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Mighty Noid said:
Nope... it would be either a single 2 ohm load or a single 8 ohm load.
Okay.

What would the load be with a 6 ohm speaker and a 4 ohm speaker?
 

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Speakers in Parallel
Zt = (Za x Zb) / (Za + Zb)


Zt = (Za x Zb) / (Za + Zb)
Zt = (4 x 4) / (4 + 4)
Zt = 16 / 8
Zt = 2 ohms

Speakers in Series
Zt = Za + Zb


Zt = Za + Zb
Zt = 4 + 4
Zt = 8 ohms
 

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The rating as you've spec'd it is at DC, which is not where speakers actually operate. To truly know the impedance presented to the amplifier, you need to specify the whole characteristics of the speakers. Putting two dissimilar speakers in serial can create a situation where one gets damaged and the other isn't working hard enough (in an extreme case).

Putting them in parallel can also create a situation where one is working harder than the other.

If you want good advice, you need to give as much detail as possible on model numbers and specifications, as well as what amplifier you hope to drive them with and how you want to use them.

If it was easier, there'd be no reason to have so many different ones!
 

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You could get kinda close by running them in parallel and putting a 1 ohm resistor in front of them...
I say kinda close because the voice coils respond to the transient frequencies differently than the resistor will.
 

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Mighty Noid said:
well it depends how you wire up the two speakers together...

either series or parallel....

not sure if you are trying to test me on what I know or not... :)
I wasn't testing your knowledge, just needed an answer to my situation.

I have a 4 ohm amp in my JVC headunit. I have 3 1/2" speakers in the dash @ 4 ohms and I have mids in the doors at 6 ohms. They are currently wired in series, because that's the way I had the 2 ohm OEM speakers wired after I changed the HU. Just wondered what ohms I have now in series and what I would have in parallel?

P.S.
Had the mids for another project, but never used them.
 

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BigBoy said:
I wasn't testing your knowledge, just needed an answer to my situation.

I have a 4 ohm amp in my JVC headunit. I have 3 1/2" speakers in the dash @ 4 ohms and I have mids in the doors at 6 ohms. They are currently wired in series, because that's the way I had the 2 ohm OEM speakers wired after I changed the HU. Just wondered what ohms I have now in series and what I would have in parallel?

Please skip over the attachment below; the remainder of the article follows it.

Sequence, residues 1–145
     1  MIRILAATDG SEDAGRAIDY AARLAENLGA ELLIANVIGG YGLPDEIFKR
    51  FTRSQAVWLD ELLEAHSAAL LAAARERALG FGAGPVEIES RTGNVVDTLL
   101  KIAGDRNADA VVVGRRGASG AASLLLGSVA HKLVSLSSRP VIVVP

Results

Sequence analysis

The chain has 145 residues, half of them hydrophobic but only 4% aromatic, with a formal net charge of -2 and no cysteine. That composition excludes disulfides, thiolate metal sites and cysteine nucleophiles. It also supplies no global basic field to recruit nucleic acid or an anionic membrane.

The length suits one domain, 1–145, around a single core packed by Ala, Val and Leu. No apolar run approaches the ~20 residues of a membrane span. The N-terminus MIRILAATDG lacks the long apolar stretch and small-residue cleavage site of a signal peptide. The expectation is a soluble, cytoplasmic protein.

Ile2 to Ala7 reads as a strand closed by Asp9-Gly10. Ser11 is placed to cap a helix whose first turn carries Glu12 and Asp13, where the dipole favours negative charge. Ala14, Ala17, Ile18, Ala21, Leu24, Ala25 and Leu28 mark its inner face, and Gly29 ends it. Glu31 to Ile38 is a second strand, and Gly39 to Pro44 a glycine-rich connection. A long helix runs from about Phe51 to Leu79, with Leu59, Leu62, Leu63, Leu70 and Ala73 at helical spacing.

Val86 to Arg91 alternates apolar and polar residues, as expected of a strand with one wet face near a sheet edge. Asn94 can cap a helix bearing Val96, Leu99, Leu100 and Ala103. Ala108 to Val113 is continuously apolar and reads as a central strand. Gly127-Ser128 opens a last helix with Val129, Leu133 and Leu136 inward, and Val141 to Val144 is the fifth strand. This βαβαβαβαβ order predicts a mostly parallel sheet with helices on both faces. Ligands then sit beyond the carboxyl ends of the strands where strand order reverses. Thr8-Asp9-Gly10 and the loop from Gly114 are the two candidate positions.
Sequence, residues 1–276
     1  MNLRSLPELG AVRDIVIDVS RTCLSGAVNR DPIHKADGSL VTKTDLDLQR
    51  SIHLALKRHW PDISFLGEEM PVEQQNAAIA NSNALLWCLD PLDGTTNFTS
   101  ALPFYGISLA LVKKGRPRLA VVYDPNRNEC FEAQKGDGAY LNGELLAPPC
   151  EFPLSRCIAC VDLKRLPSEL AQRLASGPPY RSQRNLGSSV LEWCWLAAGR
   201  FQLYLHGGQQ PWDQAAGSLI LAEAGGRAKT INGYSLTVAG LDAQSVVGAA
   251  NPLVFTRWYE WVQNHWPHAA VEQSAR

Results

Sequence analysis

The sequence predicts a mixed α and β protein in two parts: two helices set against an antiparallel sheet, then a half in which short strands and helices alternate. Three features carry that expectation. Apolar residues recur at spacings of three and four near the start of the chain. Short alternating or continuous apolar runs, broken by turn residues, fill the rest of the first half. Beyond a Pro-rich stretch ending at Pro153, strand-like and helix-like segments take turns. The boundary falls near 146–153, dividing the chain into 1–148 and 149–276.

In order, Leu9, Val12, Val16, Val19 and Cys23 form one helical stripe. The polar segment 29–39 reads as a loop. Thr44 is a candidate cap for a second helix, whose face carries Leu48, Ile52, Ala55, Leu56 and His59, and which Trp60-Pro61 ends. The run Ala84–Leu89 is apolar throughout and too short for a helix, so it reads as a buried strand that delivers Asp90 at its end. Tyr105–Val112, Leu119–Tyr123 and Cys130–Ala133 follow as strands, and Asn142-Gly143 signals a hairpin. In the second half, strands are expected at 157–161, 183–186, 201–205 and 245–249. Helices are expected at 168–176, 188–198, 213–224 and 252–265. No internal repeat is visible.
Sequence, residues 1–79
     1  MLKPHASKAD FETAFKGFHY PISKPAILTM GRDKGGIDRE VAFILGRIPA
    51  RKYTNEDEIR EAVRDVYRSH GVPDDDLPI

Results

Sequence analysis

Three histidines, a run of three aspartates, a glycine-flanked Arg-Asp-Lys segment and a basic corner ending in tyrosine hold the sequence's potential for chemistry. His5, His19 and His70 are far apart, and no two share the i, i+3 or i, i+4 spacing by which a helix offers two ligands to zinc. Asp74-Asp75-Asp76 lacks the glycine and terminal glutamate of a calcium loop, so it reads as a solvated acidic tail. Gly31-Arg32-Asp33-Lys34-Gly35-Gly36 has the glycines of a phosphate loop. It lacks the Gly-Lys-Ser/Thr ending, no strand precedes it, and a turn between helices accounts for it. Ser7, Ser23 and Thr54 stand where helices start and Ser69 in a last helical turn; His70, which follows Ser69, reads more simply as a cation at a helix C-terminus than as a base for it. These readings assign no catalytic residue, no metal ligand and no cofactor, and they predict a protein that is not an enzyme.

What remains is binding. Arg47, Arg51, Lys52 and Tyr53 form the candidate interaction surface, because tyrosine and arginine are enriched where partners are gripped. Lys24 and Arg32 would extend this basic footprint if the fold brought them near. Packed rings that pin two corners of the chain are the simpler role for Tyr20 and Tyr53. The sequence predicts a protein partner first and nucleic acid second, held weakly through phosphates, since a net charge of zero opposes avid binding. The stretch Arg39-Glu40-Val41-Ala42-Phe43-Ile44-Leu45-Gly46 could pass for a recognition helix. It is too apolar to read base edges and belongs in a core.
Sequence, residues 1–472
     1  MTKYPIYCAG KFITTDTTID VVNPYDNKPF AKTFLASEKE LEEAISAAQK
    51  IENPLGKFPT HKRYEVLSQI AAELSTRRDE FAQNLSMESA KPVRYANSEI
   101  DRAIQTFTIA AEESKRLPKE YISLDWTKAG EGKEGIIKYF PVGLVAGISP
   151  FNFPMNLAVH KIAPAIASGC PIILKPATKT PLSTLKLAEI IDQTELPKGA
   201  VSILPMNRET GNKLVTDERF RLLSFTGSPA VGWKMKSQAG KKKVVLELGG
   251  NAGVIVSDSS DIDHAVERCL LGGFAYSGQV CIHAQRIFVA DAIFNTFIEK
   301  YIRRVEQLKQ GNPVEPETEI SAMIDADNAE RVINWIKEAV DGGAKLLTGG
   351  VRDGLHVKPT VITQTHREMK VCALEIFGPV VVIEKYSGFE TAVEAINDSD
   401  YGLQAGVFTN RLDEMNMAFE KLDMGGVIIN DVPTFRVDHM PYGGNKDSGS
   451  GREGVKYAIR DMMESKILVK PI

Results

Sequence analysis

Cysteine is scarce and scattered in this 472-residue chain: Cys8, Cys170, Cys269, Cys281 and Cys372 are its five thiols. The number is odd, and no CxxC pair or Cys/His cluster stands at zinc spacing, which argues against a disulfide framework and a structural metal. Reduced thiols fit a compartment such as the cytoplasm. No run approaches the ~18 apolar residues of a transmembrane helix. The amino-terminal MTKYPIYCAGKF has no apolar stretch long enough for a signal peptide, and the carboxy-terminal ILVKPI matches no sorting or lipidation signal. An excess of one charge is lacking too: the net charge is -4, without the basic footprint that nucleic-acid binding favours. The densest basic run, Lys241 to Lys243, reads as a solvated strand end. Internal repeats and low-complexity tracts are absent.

P.S.
Had the mids for another project, but never used them.

In series they are at 10 ohms, in parallel they would be at 2.4 ohms. Keep them in series.

Rob
 

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robbyho said:

In series they are at 10 ohms, in parallel they would be at 2.4 ohms. Keep them in series.

Rob
Thanks.

Still a work in progress.
 

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well.. Mids & Highs should almost always be wired in parallel... Usually the speakers themselvs have frequency filters built in so they only play in the range they are designed to play... this will cause your speakers to "fight" and it may sound really goofy.. (tinny highs, and muted voices, with those speakers that you mentioned).

Setting them up in parallel won't cause the full 2.6 ohm load... as they are putting resistance on different parts of the frequency range.

You are probably safe hooking the speakers is parallel.

To do this right, you should find yourself 2 Passive Crossovers... and properly get the things wired together. This will sound the best, make the most noise, and also be the easiest on your head unit.
 

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It's always good to have a second opinion. Thanks.
 

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lafrad said:
well.. Mids & Highs should almost always be wired in parallel... Usually the speakers themselvs have frequency filters built in so they only play in the range they are designed to play... this will cause your speakers to "fight" and it may sound really goofy.. (tinny highs, and muted voices, with those speakers that you mentioned).

Setting them up in parallel won't cause the full 2.6 ohm load... as they are putting resistance on different parts of the frequency range.

You are probably safe hooking the speakers is parallel.

To do this right, you should find yourself 2 Passive Crossovers... and properly get the things wired together. This will sound the best, make the most noise, and also be the easiest on your head unit.
That is absolutely correct! I designed and built 3 passive crossovers two days ago, yet I forgot to mention this.

If they are in parallel with a passive crossover designed to seperate them at 500 hz, the head unit will see 6 ohms below 500 hz and 4 ohms at 500 hz and up.

Send me a pm if you want me to design you some passives for them. The parts will only cost $10 or so, and if you can solder, it is easy.

Rob
 

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Even speakers rated at X ohms aren't at various frequencies.

One thing not even mentioned here is polarity. Make sure you've got them figured out as to which way they drive, or you may be cancelling out sound.

I agree, wire them in parallel. Listen for distortion at high levels, if you hear it, back off on the amp. Distortion kills speakers.
 
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